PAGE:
He graduated to become head of the arranging department at Bron Associated Publishers in 1945, and very soon he was writing arrangements for such bandleaders as Ted Heath and Geraldo, as well as for the BBC Dance Orchestra. At the same time he was taking charge of recording sessions for Petula Clarke and Jimmy Young, whose hit Too Young he conducted.

In 1950 he joined Parlophone Records, where he became the musical director to the record producer George Martin. Artists under his baton now included the stars Peter Sellers, Spike Milligan and Sophia Loren.

Signed by Martin for Parlophone, Goodwin launched his own career in broadcasting and recording as Ron Goodwin and his Concert Orchestra. With this he toured the world, presenting a mélange of popular hits ? Abba and James Bond theme tunes ? and light classical works.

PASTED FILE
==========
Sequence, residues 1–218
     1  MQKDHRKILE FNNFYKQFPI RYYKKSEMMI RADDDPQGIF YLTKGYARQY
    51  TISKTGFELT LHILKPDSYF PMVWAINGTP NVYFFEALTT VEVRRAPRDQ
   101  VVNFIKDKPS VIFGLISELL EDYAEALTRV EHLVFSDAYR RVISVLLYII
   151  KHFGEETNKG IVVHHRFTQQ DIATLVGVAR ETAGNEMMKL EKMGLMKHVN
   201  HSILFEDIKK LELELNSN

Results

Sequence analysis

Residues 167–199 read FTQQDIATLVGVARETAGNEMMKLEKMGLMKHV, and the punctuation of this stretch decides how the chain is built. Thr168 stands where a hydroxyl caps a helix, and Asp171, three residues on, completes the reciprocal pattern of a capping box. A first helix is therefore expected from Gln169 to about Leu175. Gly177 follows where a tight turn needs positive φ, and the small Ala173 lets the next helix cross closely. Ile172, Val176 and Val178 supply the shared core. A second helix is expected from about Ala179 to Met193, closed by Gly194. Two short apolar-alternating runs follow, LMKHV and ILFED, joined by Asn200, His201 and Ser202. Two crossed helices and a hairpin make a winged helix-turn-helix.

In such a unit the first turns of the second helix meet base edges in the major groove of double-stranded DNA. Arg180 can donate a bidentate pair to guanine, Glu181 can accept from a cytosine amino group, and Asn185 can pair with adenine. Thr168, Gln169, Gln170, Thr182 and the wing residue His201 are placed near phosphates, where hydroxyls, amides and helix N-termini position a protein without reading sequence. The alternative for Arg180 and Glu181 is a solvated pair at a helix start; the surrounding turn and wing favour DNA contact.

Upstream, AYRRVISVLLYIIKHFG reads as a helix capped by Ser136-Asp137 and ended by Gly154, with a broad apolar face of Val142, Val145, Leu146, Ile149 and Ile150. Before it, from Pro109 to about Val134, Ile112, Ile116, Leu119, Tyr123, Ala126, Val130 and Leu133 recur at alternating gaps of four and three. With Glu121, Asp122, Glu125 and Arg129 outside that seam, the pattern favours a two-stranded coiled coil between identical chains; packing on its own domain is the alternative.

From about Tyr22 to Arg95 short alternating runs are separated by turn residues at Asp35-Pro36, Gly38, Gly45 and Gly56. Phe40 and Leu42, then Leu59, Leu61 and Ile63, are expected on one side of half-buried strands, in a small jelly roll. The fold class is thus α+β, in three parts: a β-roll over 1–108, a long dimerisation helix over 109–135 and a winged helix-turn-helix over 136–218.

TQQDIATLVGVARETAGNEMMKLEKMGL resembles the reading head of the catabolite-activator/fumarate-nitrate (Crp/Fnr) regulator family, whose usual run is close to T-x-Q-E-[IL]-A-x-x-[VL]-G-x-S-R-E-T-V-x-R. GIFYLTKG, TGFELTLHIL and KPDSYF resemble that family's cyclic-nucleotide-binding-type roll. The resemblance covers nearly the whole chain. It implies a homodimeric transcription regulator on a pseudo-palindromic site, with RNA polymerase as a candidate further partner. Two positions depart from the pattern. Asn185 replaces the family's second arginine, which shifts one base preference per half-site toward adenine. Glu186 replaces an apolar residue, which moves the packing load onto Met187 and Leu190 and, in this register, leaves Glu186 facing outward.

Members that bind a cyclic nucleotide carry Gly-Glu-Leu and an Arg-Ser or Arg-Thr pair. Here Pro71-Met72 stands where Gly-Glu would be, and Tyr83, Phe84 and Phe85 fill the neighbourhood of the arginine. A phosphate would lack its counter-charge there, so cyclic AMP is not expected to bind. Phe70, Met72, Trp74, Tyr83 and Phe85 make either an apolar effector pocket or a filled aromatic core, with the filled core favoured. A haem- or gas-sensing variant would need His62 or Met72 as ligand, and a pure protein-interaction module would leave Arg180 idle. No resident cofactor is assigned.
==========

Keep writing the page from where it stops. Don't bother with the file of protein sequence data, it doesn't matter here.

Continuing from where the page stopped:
He composed for his orchestra, too, among his output being such classical-style numbers as Drake 400 Concert Suite and New Zealand Suite. Ron Goodwin and his Concert Orchestra soon became one of Parlophone?s top-selling properties, and in 1975 he received a gold disc to mark one million album sales. Among the albums contributing to this total were Film Favourites (1954), Music to Set You Dreaming (1956), Out of this World (1958), the film soundtrack of Monte Carlo or Bust (1969), Legend of the Glass Mountain (1970) and Spellbound (1973).

During the 1950s Goodwin began to compose scores for documentary films at Merton Park Studios. Then, in 1958, he was asked to write his first feature film score, for Whirlpool, a Rhine-located melodrama based on Lawrence P. Bachmann?s novel Lorelei.

Though the film was not a great success at the box office, it brought him to wider notice among film-makers, notably Bachmann, who was executive producer at MGM British Studios. From 1960 Goodwin composed and conducted the music for most of MGM?s British productions and this led to other studios becoming interested in his work.